With just one month to go until the biggest overhaul of data protection legislation in a generation, marketers at major multinationals have a significantly greater awareness of GDPR but over half admit are still at a loss to understand how the changes will affect future campaigns.
The May 25 D-Day is now engrained on most marketers’ minds, according to a new by the World Federation of Advertisers, which found that 98% of respondents believe that marketers in their organisations are either aware or actively working on GDPR, compared to 76% in the WFA’s last survey in July 2017.
However, the survey also found that while many marketers have at least a basic understanding of the GDPR, many still have significant gaps in their knowledge.
Some 41% of brand owners feel that marketers in their organisations are fully aware of the implications of the GDPR for future marketing campaigns – an improvement on just 24% in July 2017 – leaving over half (52%) of marketers with major knowledge gaps.
The WFA’s GDPR Survey is based on responses, collected in March and April 2018, from 34 multinational companies, spending in excess of $65bn on marketing communications across a wide variety of sectors including food, automotive, toys, banking, airline and telecoms.
Two in three respondents were in global roles, and respondents had a range of job titles across marketing, media, legal, regulatory/compliance and digital governance.
Despite the knowledge gaps, the research found that marketing is one of the most engaged areas of many businesses with the GDPR. Only legal and regulatory/compliance departments are perceived to be more active on the GDPR than marketers.
The implications of the GDPR for business – failure to comply exposes brands to the risk of heavy fines and reputational damage – are also much more well understood.
Some 95% of respondents said that implementing the GDPR is important for their organiSation and over 70% said it is critically important. This is a significant increase from WFA’s previous survey 2017, when 82% of respondents said the GDPR was important with 59% saying it was critically important.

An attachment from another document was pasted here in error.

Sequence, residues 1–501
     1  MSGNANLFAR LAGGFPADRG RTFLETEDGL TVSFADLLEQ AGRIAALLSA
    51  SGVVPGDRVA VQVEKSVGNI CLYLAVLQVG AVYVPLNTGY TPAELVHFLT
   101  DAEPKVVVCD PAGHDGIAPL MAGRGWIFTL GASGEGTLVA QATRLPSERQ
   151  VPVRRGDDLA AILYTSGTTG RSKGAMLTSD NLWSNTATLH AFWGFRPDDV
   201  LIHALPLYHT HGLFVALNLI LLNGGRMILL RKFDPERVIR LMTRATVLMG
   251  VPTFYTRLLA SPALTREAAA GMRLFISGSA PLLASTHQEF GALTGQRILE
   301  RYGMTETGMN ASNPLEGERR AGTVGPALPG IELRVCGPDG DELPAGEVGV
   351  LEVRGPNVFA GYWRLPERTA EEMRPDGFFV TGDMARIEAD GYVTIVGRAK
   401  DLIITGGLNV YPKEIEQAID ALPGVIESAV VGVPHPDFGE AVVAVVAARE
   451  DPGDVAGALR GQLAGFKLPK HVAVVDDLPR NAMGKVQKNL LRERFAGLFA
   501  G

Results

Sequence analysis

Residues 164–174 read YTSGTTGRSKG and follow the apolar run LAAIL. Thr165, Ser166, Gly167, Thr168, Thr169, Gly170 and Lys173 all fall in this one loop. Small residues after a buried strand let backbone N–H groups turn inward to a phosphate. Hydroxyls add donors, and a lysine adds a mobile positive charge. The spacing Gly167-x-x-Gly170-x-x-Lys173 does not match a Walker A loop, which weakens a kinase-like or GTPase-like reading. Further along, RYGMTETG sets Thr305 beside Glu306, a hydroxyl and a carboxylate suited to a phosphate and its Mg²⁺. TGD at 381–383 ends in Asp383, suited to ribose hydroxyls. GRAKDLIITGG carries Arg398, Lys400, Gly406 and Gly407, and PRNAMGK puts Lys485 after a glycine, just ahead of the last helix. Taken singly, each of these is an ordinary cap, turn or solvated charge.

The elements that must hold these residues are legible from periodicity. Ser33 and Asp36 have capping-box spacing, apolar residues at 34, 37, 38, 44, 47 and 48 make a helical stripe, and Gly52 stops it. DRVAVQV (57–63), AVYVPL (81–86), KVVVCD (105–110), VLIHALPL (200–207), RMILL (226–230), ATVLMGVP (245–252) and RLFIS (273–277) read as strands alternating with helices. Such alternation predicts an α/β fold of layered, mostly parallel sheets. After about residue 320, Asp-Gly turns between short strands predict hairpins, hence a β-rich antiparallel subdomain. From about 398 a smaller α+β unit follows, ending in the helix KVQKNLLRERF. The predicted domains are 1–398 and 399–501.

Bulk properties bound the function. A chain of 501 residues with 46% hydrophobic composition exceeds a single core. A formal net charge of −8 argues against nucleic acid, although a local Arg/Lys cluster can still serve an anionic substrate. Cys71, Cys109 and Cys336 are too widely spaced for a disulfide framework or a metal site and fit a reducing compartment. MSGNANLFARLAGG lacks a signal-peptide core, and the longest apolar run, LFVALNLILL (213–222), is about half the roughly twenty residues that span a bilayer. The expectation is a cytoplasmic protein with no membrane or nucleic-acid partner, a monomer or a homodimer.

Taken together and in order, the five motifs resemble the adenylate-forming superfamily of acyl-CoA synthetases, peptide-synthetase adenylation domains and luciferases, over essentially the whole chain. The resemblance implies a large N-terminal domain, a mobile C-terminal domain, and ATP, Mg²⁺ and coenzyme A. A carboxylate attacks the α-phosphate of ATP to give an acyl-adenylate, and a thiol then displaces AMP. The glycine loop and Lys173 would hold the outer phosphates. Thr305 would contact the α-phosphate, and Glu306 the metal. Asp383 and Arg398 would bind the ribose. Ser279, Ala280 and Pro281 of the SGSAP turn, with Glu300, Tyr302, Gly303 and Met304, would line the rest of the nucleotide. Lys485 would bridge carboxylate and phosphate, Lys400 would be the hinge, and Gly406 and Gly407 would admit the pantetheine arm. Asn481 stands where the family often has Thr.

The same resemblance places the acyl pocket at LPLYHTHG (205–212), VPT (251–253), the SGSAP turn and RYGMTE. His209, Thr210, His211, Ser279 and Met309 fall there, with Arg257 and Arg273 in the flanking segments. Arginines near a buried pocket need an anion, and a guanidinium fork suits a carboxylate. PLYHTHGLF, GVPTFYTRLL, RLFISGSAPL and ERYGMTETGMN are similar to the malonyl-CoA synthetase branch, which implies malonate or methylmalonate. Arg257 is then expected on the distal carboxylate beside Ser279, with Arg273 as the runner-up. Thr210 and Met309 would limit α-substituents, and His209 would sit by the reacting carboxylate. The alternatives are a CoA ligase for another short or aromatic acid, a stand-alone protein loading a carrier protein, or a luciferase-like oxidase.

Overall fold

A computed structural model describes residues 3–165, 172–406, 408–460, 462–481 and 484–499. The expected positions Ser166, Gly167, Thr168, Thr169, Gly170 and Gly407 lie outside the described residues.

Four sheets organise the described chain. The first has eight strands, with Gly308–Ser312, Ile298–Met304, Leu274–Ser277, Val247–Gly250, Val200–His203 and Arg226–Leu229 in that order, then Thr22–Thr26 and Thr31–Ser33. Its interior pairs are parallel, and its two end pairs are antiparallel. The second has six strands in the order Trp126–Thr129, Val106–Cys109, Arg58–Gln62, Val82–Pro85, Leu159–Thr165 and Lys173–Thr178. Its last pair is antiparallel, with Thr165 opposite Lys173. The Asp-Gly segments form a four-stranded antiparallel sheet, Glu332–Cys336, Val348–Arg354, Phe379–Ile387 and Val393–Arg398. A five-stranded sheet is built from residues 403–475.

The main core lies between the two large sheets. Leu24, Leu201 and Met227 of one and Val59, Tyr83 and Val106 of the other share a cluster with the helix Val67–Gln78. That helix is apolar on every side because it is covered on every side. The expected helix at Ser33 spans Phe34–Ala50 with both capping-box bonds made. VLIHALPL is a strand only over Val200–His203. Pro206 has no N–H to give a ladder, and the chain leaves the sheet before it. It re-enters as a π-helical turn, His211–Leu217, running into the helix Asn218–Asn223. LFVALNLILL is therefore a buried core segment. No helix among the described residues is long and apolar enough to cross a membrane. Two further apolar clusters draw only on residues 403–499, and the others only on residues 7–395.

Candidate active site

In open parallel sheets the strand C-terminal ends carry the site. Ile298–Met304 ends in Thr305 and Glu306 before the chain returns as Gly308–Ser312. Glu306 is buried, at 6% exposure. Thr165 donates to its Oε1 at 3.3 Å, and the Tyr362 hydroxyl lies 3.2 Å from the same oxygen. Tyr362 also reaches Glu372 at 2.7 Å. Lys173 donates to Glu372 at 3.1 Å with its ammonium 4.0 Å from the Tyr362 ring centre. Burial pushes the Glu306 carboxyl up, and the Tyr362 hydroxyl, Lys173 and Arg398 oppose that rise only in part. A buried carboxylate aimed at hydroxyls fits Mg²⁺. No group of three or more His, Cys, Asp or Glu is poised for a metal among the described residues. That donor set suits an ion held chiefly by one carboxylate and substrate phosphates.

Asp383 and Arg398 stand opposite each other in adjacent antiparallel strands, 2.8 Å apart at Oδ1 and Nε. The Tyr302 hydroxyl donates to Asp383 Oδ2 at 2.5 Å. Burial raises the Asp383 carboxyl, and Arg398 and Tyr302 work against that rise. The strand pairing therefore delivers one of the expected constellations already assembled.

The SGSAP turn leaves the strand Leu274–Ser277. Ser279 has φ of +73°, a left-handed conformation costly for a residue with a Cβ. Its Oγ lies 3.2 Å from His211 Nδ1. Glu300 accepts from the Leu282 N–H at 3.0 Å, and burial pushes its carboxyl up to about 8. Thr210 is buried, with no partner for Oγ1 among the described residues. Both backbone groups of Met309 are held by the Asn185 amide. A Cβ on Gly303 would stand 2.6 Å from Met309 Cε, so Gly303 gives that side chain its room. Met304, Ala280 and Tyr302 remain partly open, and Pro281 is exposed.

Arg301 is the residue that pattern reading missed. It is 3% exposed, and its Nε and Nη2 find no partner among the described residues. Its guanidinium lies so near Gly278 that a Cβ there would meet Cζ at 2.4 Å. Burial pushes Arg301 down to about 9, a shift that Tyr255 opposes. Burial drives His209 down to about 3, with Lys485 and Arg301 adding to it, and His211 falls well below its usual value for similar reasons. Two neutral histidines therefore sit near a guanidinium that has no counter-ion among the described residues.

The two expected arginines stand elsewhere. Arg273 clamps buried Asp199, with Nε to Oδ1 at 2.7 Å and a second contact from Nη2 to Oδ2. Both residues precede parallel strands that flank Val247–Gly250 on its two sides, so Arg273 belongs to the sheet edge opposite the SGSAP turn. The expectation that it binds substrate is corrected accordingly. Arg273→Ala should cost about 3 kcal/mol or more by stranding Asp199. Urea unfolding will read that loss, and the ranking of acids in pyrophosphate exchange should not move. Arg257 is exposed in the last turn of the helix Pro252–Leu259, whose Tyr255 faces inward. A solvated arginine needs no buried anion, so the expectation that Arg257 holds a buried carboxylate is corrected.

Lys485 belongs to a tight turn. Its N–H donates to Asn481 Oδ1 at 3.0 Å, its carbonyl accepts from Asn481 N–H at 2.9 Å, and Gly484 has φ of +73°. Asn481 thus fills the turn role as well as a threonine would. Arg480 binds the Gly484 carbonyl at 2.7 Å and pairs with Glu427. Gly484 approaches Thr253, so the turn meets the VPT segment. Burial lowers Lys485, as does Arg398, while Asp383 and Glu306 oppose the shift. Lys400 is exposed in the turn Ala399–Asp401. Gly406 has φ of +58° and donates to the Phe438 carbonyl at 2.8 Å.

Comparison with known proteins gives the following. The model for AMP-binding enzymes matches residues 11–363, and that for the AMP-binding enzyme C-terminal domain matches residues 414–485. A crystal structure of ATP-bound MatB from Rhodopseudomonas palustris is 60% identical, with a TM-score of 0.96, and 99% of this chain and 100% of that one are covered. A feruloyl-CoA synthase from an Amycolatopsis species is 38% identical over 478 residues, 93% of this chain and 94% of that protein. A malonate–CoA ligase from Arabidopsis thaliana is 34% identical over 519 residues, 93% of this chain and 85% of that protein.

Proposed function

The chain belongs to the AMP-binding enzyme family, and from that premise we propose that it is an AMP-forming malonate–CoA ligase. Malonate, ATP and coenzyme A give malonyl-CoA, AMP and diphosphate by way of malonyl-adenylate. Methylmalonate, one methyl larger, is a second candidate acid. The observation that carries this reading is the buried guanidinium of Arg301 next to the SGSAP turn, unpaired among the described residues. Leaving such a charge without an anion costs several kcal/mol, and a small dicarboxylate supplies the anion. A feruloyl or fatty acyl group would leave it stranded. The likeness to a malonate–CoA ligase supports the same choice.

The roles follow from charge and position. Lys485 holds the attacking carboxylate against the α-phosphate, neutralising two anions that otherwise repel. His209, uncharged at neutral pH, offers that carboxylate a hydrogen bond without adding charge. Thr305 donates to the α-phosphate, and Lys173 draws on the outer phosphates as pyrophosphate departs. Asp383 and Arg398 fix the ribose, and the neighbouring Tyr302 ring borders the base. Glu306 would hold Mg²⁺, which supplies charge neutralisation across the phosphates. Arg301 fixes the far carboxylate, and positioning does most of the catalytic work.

The results also reveal that the top three priorities for brand owners are currently to:
– Review procedures to handle individuals’ requests related to their personal data (erasing or rectifying data). This is the highest area of “high priority” responses (69%) from the survey but it also scored lowest in terms of implementation (12%).
– Review contracts with third parties such as agencies (64%). Companies must ensure responsible data use across the entire digital advertising value chain.
– Review and update records of data processing activities (62%). Piecing together global companies’ data processing activities is a crucial part of operationalizing the GDPR.
WFA chief executive Stephan Loerke said: “It’s perhaps unsurprising to see how marketers are approaching the challenge of compliance with GDPR with greater urgency than before. Our previous survey showed that there was a knowledge gap among marketers but it seems that the pace of work has dramatically improved since 2017.”
When it comes to actually dealing with the new regulation, 90% of respondents said their companies were carrying out training or internal communications. Meanwhile half (50%) are increasing or planning to increase recruitment of data protection specialists or external consultants to help them handle the GDPR.
Loerke concluded: “GDPR is challenging marketers and indeed many other roles to change their data culture and their systems of managing consumer data. But GDPR represents a great opportunity to adopt a mindset of ‘people first’ rather than ‘data first’ across the entire organisation.”
Last week, the WFA is published a Manifesto for Online Data Transparency in an effort to get brands to overhaul their approach to data. Developed by leading brands including Unilever, Mars, Shell and Danone, the organisation has hailed the initiative as a rallying cry to embrace the spirit of GDPR – and go beyond compliance – at a global level.
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